I see consumers all time who have been scammed and suffered as a result of the lies and fraud and crimes by con artists who victimize consumers, time for people to wake up…here’s what the FTC says:
Fraudulent foreclosure “rescue” professionals use half-truths and outright lies to sell services that promise relief to homeowners in distress. According to the Federal Trade Commission (FTC), the nation’s consumer protection agency, the latest foreclosure rescue scam to exploit financially strapped homeowners pitches forensic mortgage loan audits.
In exchange for an upfront fee of several hundred dollars, so-called forensic loan auditors, mortgage loan auditors, or foreclosure prevention auditors backed by forensic attorneys offer to review your mortgage loan documents to determine whether your lender complied with state and federal mortgage lending laws. The “auditors” say you can use the audit report to avoid foreclosure, accelerate the loan modification process, reduce your loan principal, or even cancel your loan.
Nothing could be further from the truth. According to the FTC and its law enforcement partners:
- there is no evidence that forensic loan audits will help you get a loan modification or any other foreclosure relief, even if they’re conducted by a licensed, legitimate and trained auditor, mortgage professional or lawyer.
- some federal laws allow you to sue your lender based on errors in your loan documents. But even if you sue and win, your lender is not required to modify your loan simply to make your payments more affordable.
- if you cancel your loan, you will have to return the borrowed money, which may result in you losing your home.
If you are in default on your mortgage or facing foreclosure, you may be targeted by a foreclosure rescue scam. The FTC wants you to know how to recognize the telltale signs and report them. If you are faced with foreclosure, the FTC says legitimate options are available to help you save your home.
Spotting a Scam
If you’re looking for foreclosure prevention help, avoid any business that:
- guarantees to stop the foreclosure process – no matter what your circumstances are
- instructs you not to contact your lender, lawyer or credit or housing counselor
- collects a fee before providing any services accepts payment only by cashier’s check or wire transfer
- encourages you to lease your home so you can buy it back over time
- recommends that you make your mortgage payments directly to it, rather than your lender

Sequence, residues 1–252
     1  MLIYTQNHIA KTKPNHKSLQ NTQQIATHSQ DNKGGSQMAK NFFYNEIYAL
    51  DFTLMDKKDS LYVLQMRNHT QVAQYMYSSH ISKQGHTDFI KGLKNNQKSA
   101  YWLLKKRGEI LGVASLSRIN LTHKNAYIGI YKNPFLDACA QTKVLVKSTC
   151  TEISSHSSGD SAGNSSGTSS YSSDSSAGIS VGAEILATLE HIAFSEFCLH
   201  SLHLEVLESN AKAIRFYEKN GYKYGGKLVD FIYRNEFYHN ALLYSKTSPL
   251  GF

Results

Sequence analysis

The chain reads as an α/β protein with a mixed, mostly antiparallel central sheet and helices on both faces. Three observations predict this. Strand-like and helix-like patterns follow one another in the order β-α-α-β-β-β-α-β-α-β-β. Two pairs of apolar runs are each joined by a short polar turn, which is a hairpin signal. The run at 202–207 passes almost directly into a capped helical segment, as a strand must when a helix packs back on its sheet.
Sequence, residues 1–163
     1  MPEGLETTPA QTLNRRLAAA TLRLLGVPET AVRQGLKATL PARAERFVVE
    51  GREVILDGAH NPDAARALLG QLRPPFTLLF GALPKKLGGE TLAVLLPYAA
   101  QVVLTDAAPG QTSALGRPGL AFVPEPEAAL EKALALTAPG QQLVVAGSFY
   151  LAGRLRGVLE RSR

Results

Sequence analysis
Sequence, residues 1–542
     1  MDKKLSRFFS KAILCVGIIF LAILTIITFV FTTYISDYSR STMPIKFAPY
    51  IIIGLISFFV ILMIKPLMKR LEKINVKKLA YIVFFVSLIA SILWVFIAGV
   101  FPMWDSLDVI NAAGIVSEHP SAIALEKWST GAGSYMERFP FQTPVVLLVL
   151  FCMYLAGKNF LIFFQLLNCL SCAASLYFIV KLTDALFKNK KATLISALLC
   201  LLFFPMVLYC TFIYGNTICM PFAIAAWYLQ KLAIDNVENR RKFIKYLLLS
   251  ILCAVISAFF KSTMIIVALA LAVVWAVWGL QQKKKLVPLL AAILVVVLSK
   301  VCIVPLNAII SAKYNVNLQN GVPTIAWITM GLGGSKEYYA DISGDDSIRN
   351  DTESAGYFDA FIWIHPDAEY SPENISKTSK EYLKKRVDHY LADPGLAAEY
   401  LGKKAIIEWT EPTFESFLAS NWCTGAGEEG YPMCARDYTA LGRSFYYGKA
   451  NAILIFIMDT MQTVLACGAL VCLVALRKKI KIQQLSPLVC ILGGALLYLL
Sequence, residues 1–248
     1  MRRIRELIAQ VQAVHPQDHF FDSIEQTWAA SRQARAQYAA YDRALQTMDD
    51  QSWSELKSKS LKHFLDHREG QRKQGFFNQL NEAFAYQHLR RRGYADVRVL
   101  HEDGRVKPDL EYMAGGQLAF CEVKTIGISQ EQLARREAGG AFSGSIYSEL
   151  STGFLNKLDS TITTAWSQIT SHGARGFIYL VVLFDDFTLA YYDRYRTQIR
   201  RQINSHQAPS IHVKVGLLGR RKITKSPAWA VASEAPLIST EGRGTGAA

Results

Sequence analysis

- urges you to transfer your property deed or title to it
- offers to buy your house for cash at a fixed price that is inappropriate for the housing market
- pressures you to sign papers you haven’t had a chance to read thoroughly or that you don’t understand.
Finding Legitimate Help
Housing experts say that when you’re behind on your mortgage payments, maintaining communication with your lender is the most important thing you can do. Contact your lender or servicer immediately if you’re having trouble paying your mortgage or you have received a foreclosure notice. You may be able to negotiate a new repayment schedule.
Call 1-888-995-HOPE for free personalized advice from housing counseling agencies certified by the U.S. Department of Housing and Urban Development (HUD). This national hotline – open 24/7 – is operated by the Homeownership Preservation Foundation, a nonprofit member of the HOPE NOW Alliance of mortgage industry members and HUD-certified counseling agencies. For free guidance online, visit http://www.hopenow.com. For free information on the President’s plan to help homeowners, visit http://www.makinghomeaffordable.gov.
To learn more about home mortgages and other credit-related issues, visit http://www.ftc.gov/MoneyMatters. This site offers short, practical tips, videos, and links to reliable sources on a variety of topics from credit repair, debt collection, job hunting and job scams to vehicle repossession, managing mortgage payments and avoiding foreclosure rescue scams.
If you think you’ve been dealing with a foreclosure fraudster, contact:
The FTC works to prevent fraudulent, deceptive and unfair business practices in the marketplace and to provide information to help consumers spot, stop and avoid them. To file a complaint or get free information on consumer issues, visit ftc.gov or call toll-free, 1-877-FTC-HELP (1-877-382-4357); TTY: 1-866-653-4261. Watch a video, How to File a Complaint, at ftc.gov/video to learn more. The FTC enters consumer complaints into the Consumer Sentinel Network, a secure online database and investigative tool used by hundreds of civil and criminal law enforcement agencies in the U.S. and abroad.